Cry “sequelitis” if you like, but Borderlands 2 is one follow-up Brenna Hillier is happy to see take an uncontested crown from its precursor.
Tapping into the venn diagram of people who enjoy the skill of action-based gameplay and the unique results of loot-drop RPG character progression was a genius move of Gearbox’s, and one which is yet to be topped. Even if Borderlands had been as dull and dry as the desert it’s set in, it would still be one of if not the best example of shooter RPG mechanics available today.
Borderlands hasn’t aged as well as it might have. Fire it up today, not quite three years on, and it feels surprisingly dated; not at all the slick experience I remember. Trying to get a co-op session happening with Pat recently, for example, I was horrified to discover the PC version used Gamespy’s matchmaking system – what is this, 2003? The netcode doesn’t stand up to the continental divide between two of VG247’s offices as well as other games of the same era do. The cartoon stylings have mostly stood the test of time, but my beast of a gaming PC can’t do anything to iron out the game’s jitters, and all the old frustrations with endless fetch quests came flooding right back.
But warts and all, it’s still a formula I’d sit up to 2.00am with, and one I’m absolutely psyched to see it grow and develop when Borderlands 2 releases in September. I know I’m not alone. In mid-2009, writing positively about Borderlands – its unusual cel-shaded aesthetic, planned open-world gameplay, and strange blend of RPG and co-op shooter mechanics – was a dangerous occupation; cynical audiences didn’t want to hear a whiff of it from the team behind the increasingly disappointing Brothers in Arms series. Just a few months later expressing any scorn for Gearbox’s epic was like putting your hand in a blender. Gamers got their grubby little paws on this left-field smash hit and fell wildly and in love with its weird little world, forgetting all their earlier concerns and already raving about what Gearbox might do next.
Borderlands had sold over 4.5 million units as of late 2011, and is Gearbox’s most critically-acclaimed effort so far, with a Metacritic of 81-84; the Xbox 360 version is ranked most highly. It snagged a number of press awards, sold a bucketload of DLC, and of course, secured the upcoming sequel.
These are significant achievements for a new property, especially half way through a generation’s lifespan, and Borderlands owes its success to daring to be different. Shooter RPGs are pretty thin on the ground; although all the big multiplayer shooters have embraced class levelling, very few offer the customisation and flexibility (and arguably, entrancing loot cycle) of a real RPG. The first example to spring to mind is the original, by then nearly decade-old Deus Ex, which had enough of its own problems to make some people swear off the genre-blend forever.
Borderlands proved the formula could really work, but since its release, almost nothing else has tried to step into its shoes. Again, there’s Deus Ex: Human Revolution, but as satisfying as Eidos Montreal’s effort was (unbalanced boss encounters aside), it didn’t scratch that Borderlands itch – probably because it left out a good 50% of Borderlands’ appeal: co-op. The success of Diablo and its sequels, especially the online-oriented Diablo III, coupled with the continued popularity of MMORPGs, has gone a long way towards proving that people want to take their highly-levelled and customised characters out of the single-player experience and into multiplayer gaming – the better to show them off, and to enjoy exploiting the synergy of wildly varying builds.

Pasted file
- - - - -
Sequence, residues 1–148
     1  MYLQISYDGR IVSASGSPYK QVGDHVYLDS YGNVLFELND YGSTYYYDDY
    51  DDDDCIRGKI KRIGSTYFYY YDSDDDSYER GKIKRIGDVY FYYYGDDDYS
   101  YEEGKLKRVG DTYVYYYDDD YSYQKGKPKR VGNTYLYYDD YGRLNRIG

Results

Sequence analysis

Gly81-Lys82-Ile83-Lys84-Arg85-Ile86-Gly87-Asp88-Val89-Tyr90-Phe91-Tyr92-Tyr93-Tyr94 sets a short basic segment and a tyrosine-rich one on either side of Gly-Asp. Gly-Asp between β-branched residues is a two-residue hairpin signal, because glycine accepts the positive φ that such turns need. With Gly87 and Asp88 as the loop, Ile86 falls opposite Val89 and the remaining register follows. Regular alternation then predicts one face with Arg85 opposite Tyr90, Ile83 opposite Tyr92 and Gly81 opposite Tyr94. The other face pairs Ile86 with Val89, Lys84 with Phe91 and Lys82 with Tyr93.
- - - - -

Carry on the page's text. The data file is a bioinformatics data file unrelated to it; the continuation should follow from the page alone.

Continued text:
RPGs have long been the most solitary of games, while Halo 2 and beyond made shooters the most social. Tapping into the venn diagram of people who enjoy the skill of action-based gameplay and the unique results of loot-drop RPG character progression was a genius move of Gearbox’s, and one which is yet to be topped. Even if Borderlands had been as dull and dry as the desert it’s set in, it would still be one of if not the best example of shooter RPG mechanics available today.
But it’s not dull, is it? Gearbox has brought former Destructoid writer turned developer Anthony Burch on board to ensure the sequel has a quality ongoing narrative, and has expanded the game’s horizon’s beyond just one kind of environment, but even without these additions the original game sucked me in and held me there. The wild creature design, memorable characters and tortured landscape made an old-favourite setting feel new and fresh, and introduced a sci-fi universe unlike any other.
The world of Pandora is a living one, as the most recent trailer aptly demonstrates, and I can’t wait to get back to it. Graft that onto a set of mechanics yet to be surpassed, and there’s good reason to be excited for the first heavy-hitter of release season.
Borderlands 2 arrives on PC, PlayStation 3 and Xbox 360 on September 18 in the US and September 22 in Europe.
Sometimes we include links to online retail stores. If you click on one and make a purchase we may receive a small commission. For more information, go here.